• Iterations of an Event
  • Errors Made

These are all characteristics that can be easily picked apart and quantified using numerical data. They tell us how much of something there is in any given topic - allowing us to perform necessary calculations during our analysis. 

Qualitative Data Analysis

Conversely, qualitative data analysis is concerned with identifying and exploring those types of qualities that cannot be easily defined by numbers and figures. Qualitative data is most often composed of observations: descriptions of behaviors and phenomenon that cannot be quantified by numbers.

Qualitative data analysis can be thought of as looking at the “how” or “why” of a particular issue, whereas quantitative data captures the “what”. These observations are invaluable to researchers, as they assign reason and motivation behind an action. Knowing what motivates someone to make a particular action is what drives the majority of political research projects today.

Qualitative data can be broken down into three distinct types:

  1. Ordinal Data
  2. Binary Data
  3. Nominal Data

Ordinal data exists on a ranging scale, and is one of the most prevalent types of questions found in a traditional survey. Questions that ask participants to share answers based on a sliding scale (such as “very unlikely” to “very likely”) are a common form of ordinal data collection.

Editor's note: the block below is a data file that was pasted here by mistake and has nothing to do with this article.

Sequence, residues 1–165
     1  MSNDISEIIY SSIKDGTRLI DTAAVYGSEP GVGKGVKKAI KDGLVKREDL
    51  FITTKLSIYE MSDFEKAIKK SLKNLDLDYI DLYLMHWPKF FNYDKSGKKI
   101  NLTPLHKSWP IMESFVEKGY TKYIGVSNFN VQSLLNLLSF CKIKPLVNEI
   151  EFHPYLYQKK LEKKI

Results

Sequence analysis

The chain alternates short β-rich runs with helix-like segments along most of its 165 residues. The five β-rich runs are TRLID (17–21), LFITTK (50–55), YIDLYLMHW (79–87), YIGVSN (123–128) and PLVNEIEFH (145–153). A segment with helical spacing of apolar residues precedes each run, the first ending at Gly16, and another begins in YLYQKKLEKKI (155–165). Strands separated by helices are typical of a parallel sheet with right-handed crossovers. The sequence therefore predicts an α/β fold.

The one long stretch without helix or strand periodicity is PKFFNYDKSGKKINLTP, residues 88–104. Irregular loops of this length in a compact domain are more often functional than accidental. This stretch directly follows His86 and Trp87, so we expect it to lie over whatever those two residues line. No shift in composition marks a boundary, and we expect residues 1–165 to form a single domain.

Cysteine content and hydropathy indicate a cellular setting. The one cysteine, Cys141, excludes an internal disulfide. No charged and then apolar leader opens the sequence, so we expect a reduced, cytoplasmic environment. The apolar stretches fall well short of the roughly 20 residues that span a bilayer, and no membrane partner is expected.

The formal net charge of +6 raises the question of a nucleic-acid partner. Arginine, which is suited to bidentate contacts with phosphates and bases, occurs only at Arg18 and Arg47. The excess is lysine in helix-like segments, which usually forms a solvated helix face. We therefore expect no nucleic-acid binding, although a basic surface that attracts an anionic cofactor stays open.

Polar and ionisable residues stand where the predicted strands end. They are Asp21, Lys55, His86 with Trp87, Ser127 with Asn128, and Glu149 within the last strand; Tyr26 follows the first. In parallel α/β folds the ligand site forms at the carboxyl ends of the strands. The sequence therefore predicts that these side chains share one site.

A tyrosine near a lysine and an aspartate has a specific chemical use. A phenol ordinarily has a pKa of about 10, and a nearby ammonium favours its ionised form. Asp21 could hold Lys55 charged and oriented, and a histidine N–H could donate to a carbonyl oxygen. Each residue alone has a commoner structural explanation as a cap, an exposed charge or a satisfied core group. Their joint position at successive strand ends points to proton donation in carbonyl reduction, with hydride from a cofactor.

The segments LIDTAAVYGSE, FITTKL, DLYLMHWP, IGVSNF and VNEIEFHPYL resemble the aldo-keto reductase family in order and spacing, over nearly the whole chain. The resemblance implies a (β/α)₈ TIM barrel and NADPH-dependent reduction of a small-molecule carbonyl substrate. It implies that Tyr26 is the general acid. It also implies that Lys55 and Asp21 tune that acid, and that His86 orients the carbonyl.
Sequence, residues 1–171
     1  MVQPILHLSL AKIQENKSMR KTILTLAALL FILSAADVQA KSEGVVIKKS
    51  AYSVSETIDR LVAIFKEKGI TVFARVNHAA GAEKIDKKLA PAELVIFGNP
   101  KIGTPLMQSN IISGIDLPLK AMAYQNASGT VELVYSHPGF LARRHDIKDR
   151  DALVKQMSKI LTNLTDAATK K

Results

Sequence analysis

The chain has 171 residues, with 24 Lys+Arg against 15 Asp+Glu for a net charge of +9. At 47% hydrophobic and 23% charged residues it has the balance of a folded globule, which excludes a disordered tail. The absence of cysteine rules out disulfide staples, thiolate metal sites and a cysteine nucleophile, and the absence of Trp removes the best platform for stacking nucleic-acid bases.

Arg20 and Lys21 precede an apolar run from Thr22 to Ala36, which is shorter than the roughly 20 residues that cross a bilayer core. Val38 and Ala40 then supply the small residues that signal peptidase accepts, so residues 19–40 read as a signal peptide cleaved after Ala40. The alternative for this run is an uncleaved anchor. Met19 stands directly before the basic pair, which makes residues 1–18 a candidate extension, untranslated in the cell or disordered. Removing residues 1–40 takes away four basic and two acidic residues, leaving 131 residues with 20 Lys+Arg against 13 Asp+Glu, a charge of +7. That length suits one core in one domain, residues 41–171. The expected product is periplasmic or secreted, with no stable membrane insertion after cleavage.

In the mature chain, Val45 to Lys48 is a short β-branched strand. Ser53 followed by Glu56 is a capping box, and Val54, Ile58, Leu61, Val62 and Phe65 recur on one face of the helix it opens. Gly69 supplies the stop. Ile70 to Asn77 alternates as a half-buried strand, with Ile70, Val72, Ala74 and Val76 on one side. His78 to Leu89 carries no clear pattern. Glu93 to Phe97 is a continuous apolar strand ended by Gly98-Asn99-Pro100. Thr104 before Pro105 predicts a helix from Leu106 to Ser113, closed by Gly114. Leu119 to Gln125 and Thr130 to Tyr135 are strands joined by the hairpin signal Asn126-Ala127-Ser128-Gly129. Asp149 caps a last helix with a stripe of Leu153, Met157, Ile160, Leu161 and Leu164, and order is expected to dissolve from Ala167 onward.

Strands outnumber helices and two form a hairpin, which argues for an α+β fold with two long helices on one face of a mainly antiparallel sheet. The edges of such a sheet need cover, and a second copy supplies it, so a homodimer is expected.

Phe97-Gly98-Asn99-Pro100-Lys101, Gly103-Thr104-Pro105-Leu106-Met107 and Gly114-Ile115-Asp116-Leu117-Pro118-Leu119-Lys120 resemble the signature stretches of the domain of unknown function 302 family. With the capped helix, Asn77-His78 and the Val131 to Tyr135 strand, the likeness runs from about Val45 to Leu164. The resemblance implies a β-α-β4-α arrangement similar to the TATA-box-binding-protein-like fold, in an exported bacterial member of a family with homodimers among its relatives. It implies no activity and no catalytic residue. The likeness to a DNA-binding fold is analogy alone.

Binary data is represented numerically, and is most often used in the creation of statistical models. These models can be used to track the likelihood of an individual to make a certain choice, among other things. 

Nominal data is used to label a subject without the use of numerical figures. These include multiple-choice survey responses, or cases where subjects are allowed to self-sort into a particular group.

Game Theory Models

Game Theory is a model for studying the decision-making process that goes on behind nearly every social interaction. Strategy, cost-benefit analysis, and optimal decision-making are all integral parts of the game theory model.

Researchers often use game theory models in order to better understand how individual actors come to a decision when faced with competition or consequence. The Prisoner’s Dilemma - where two convicts are tasked with choosing whether or not to inform on the other, therefore risking jail time, is a classic example of game theory in action.